Milo & Otis
I have wanted to write a blog about the movie Milo & Otis for quite some time now. In case you have never heard of it, The Adventures of Milo and Otis is a 1986 movie about two animals, Milo (an orange tabby cat) and Otis (a pug) who go on an adventure and interact with an assortment of other animals & sticky situations. When I was a child I thought this was a fantastic movie. I actually ended up re-buying it a few years ago before I ever had my son, thanks to a wonderful $5 movie bin. During my entire life, I would have bet money that Milo and Otis spoke during the movie. You can imagine my devastation when finally watching this movie in adulthood that there is actually only a single narrator (Dudley Moore) that tells the story and voices all characters throughout the movie. I was highly impressed by the excellent story telling skills that had me convinced as a child that these characters were brought to life in my imagination. From Milk & Otis hatching an egg, to traveling downstream, interacting with a bear, riding on a turtle’s back, meeting mates, making it back home and many other little anecdotal adventures along their journey.
Just a few weeks ago I got my son into Milo & Otis and we were watching it together. I again saw this movie with a new set of eyes. I started paying more attention to how amazing it was that the film maker had actually caught all of these animals on camera doing these amazing things. There are a few moments of possible staging, but overall, it appears that the filming of Milo & Otis took quite some patience in following their journey throughout the movie to be able to catch such amazing animal interactions. I began to look at the movie in a whole new way. This brought about the question of whether these animals were set up into staged scenarios, and whether or not they were trained. Then I began to wonder if any animals were harmed, especially since there are several scenes showing a black bear interacting with the main characters that could easily result in harm to the animals. Keep in mind that this was originally a Japanese movie that was created in the early 80s and later translated into an American film and narrated by Dudley Moore. No matter what the circumstance, it is still amazing to see the animal interactions and wonder at the man hours to capture all of this on film. If you have never seen Milo & Otis, I recommend watching it at least once just for the sheer awe of 80s animal adventure cinema. If you have seen it before, I invite you to revisit the film to see how a new set of eyes might view the story. I still love it to this day and have been happy to have the opportunity to share it with my son.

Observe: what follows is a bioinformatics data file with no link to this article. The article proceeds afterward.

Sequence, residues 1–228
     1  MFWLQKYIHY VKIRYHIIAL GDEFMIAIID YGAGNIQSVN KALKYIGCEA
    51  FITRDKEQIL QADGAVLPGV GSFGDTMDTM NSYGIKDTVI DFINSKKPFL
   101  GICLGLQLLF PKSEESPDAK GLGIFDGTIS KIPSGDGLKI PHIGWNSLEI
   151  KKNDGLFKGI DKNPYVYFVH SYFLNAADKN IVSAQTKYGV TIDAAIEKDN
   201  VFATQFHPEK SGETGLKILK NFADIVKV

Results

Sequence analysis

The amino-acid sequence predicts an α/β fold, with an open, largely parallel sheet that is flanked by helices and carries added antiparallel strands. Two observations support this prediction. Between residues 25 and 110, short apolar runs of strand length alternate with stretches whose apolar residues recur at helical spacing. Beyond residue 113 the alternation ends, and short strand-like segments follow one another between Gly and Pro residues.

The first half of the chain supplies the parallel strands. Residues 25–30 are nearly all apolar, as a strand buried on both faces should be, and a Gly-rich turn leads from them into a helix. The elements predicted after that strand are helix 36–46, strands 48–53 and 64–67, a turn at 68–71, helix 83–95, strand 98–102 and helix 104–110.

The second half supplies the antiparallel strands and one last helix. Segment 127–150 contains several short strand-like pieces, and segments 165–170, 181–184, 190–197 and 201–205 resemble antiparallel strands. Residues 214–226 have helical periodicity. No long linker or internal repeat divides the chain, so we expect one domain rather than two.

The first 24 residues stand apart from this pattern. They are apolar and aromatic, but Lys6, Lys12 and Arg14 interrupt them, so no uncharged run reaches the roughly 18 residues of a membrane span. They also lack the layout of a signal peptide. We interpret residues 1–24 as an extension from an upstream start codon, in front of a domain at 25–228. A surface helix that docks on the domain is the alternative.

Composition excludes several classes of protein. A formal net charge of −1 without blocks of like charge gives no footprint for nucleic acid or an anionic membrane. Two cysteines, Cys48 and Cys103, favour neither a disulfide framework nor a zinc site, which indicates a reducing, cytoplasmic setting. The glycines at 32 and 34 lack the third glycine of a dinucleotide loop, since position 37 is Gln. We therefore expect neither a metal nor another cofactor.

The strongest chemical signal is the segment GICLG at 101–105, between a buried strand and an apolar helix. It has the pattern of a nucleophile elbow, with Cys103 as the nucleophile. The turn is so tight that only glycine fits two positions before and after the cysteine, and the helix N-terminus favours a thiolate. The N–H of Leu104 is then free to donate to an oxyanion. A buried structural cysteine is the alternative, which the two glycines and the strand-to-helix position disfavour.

Please view this movie trailer to pique your interest or bring you back to memory lane.
*Disclaimer: this is a video borrowed from YouTube, I am not the owner nor do I have any rights to this video, this is for entertainment purposes only.
*According to Wikipedia, the entire movie was comprised of roughly 40.3 hours of film shot over a period of 4 years.
Now that is dedication if you ask me.